And, yes, I still have a wife with her projects, like her Turkorah . It's been quite busy in our household.

 

Preparation for the next trip

In preparation for my upcoming trip to Brazil, I finally finished organizing (mostly) my pictures from my last "bigger" trip: to Utah to visit Zion National Park and Bryce Canyon National Park. Both very interesting in their own way (with their own red rocks): 

SmugMug Album: Utah Trip

I don't really expect to take too many pictures in Brazil, though, as it's mostly going to be around hanging out with family. Things are quite chaotic at work and I'm actually glad that I was able to take two weeks off (mostly because I planned this before things got this chaotic). And part of these two weeks is going to be Rosh Hashanah, which also limits the amount of time I'll have to hang out with friends. But hopefully I'll be able to do some if it too. What I probably won't be able to do is to be a tourist. Oh, well... Next time!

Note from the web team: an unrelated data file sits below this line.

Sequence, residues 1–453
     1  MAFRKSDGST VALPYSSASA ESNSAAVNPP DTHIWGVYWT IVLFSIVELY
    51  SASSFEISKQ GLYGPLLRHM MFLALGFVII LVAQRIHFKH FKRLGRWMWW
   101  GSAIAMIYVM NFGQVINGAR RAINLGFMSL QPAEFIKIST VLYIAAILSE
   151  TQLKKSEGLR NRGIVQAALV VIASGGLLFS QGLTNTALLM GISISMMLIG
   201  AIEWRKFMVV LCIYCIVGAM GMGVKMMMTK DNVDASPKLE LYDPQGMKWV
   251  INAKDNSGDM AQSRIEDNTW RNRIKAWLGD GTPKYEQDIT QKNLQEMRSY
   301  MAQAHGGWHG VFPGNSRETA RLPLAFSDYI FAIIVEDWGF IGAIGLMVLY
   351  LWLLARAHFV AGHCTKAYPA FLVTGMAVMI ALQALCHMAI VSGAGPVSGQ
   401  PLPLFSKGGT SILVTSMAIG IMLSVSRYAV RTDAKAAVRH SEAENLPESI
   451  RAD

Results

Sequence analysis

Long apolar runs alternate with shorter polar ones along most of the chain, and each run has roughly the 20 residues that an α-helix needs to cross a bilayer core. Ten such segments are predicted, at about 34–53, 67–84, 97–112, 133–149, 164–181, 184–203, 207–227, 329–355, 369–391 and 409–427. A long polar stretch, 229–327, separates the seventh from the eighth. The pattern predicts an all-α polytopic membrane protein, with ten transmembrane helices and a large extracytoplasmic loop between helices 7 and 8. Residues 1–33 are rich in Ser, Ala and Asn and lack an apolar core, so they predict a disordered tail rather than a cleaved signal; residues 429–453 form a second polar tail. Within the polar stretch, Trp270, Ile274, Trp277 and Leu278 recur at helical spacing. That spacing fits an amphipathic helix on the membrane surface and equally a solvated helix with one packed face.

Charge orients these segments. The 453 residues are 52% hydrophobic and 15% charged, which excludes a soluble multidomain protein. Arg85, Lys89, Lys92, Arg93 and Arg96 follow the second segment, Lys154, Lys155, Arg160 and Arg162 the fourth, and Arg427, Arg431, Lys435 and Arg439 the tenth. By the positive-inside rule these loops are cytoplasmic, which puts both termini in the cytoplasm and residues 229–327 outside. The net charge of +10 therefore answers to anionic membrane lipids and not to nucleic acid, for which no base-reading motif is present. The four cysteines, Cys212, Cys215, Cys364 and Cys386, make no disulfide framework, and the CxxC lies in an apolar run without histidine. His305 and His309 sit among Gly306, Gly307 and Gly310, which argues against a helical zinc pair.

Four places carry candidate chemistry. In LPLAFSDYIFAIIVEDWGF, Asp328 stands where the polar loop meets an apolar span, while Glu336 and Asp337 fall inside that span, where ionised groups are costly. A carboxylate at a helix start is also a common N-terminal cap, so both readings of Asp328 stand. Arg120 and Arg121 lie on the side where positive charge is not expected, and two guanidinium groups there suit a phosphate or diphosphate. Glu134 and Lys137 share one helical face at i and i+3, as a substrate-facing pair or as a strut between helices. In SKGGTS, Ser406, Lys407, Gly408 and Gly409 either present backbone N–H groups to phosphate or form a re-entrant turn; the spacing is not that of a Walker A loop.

Salt consumption numbers

Today I was reading an article that said that Brazilian salt consumpion is high (twice what is recommended by the WHO) mostly because Brazilians add too much salt to their food. According to them, 70% of the salt consumed in Brazil is added by the consumer. The US also has a lot of problems due to salt consumption, so I decided to compare. Apparently the numbers are quite different here [source] [source]:

  • Brazilians consume about 4,460 mg of salt a day, Americans consume 3,400 mg. The recommended is between 1,500 and 2,300 mg a day.
  • 70% of the salt consumed in Brazil is added by the consumer. 75% of the salt consumed in the US is from packaged foods.  (the packaged food number in Brazil seems to be 23.8%)

What do we learn from this? Well, first is that Americans eat a lot of packaged food. Here is an infographic for you . Based on weight, Americans eat 57% of their total food intake from packaged sources (787 vs. 602 lb). Brazilians each 37% from packaged foods (392 vs 677 lb). So, if we focus on how much actual salt there is in packaged foods in US vs. Brazil, we get:

  • In BR, 0.2 % of packaged foods is salt
  • In US, 0.26% of packaged foods is salt

Not that different, huh? Now for fresh foods:

  • BR:  0.4% of fresh foods is salt
  • US: 0.11%  of fresh foods is salt

A much different story, huh? Hopefully my math is right here...